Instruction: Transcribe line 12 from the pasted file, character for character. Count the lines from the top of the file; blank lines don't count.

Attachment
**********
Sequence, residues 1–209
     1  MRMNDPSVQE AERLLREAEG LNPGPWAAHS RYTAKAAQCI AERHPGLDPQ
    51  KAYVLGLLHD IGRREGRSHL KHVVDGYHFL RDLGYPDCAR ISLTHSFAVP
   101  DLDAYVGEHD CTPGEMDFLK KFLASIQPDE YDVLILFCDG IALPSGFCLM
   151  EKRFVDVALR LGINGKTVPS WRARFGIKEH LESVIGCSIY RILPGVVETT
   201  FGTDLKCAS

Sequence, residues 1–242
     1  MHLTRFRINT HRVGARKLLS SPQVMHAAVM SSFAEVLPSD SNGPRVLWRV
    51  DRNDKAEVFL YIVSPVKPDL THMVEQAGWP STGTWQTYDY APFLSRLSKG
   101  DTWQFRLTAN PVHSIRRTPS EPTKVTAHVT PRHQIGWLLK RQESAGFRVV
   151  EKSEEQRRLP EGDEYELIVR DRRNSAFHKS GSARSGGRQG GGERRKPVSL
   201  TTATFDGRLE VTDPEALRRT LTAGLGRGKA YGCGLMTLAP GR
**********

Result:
   201  TTATFDGRLE VTDPEALRRT LTAGLGRGKA YGCGLMTLAP GR